The Thinking Rider

Kirsten

Using the power of choice and imagination

While intelligence can be measured in many ways, we do know that humans have a much larger frontal cortex portion of the brain compared to horses. The frontal cortex is the “executive” center of the brain, the part that allows choice and imagination.  Simply put – Riders (humans) have a much greater brain capacity for considering alternatives and make conscious choices compared to horses.

Because humans have cognitive superiority to the horse, the responsibility for making choices that lead to the horse’s emotional, mental and physical well-being is placed squarely on the rider.  Thinking, or using our extra cognitive features, is part of good riding and good horsemanship. The daily choices we make with our horses need to include the well-being of the horse, not just our personal agendas.

A thinking rider becomes a trusted leader. A thinking rider is well informed, educated, pragmatic and practical. This rider knows that taking care of the horse’s well-being is part of being successful in any sport or activity. A happy, healthy horse can simply do more and perform better. It is always in the rider’s best interest to help the horse find balance in body and mind. And balance feels good to the horse, so finding balance becomes a constant perk of the relationship.

So, what does this Thinking Rider do on a daily basis that builds trust with a horse?

  • Works within realistic boundaries by understanding the difference between the horse “being challenged” in a healthy way or being “thrown into panic” and experiencing fear.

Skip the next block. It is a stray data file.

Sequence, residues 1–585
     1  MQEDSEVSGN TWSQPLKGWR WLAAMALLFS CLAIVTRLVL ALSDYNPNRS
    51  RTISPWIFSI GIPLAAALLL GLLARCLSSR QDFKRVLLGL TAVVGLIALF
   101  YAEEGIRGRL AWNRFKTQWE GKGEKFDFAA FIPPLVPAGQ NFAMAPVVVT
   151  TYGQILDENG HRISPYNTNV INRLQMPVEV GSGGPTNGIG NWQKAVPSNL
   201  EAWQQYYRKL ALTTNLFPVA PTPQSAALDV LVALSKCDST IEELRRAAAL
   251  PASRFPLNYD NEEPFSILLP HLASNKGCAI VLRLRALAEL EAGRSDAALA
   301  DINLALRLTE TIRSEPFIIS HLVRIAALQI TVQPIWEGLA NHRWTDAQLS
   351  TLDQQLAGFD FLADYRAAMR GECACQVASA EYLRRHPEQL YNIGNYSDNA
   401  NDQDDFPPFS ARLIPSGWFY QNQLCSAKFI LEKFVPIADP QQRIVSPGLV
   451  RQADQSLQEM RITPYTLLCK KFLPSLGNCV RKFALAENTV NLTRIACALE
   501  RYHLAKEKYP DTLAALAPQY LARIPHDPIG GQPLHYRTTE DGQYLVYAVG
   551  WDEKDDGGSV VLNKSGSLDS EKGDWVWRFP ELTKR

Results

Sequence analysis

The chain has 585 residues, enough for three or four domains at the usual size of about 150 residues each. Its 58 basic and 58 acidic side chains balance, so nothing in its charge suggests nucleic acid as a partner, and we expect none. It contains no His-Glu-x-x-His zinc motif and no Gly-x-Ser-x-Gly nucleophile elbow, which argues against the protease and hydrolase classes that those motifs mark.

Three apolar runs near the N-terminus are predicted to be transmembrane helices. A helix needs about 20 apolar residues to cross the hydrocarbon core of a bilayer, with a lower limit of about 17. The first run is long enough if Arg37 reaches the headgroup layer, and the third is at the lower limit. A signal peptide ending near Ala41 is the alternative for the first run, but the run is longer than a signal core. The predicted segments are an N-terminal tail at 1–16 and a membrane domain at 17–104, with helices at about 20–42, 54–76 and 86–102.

• Doesn’t push the horse into sink-or-swim situations but instead works on simple ingredients that build skills slowly and methodically.
  • Pays attention to how the horse is coping with any given situation and adapts expectations to make the job easier, rather than harder.
  • Is willing to go slower or adjust tasks to be more manageable for the horse when the horse begins to escalate energy and show signs of fear or confusion.
  • Realizes that to earn the leadership position means making choices for the horse, not doing things to the horse. Makes choices that the horse would vote for too.
  • Considers communication might have been misunderstood or is unclear to the horse –  not just assume that the horse is resisting for no good reason.
  • Pays close attention to the horse’s energy, expression and body language to know if any work is appropriate for the horse right now or if more skill development is required first.
  • Understands that overly challenging the horse’s emotional or physical capacity during work will result in a set-back that actually inhibits progress.

The “Thinking Rider” takes complete responsibility for how the horse is doing in any given situation and for the horse’s skill development overall.  This rider is well aware of existing limitations but is always striving to bring out the very best in the horse by listening to the horse’s opinion first and then using our extra capacity for imagination and choice to creatively help the horse gain new skills.

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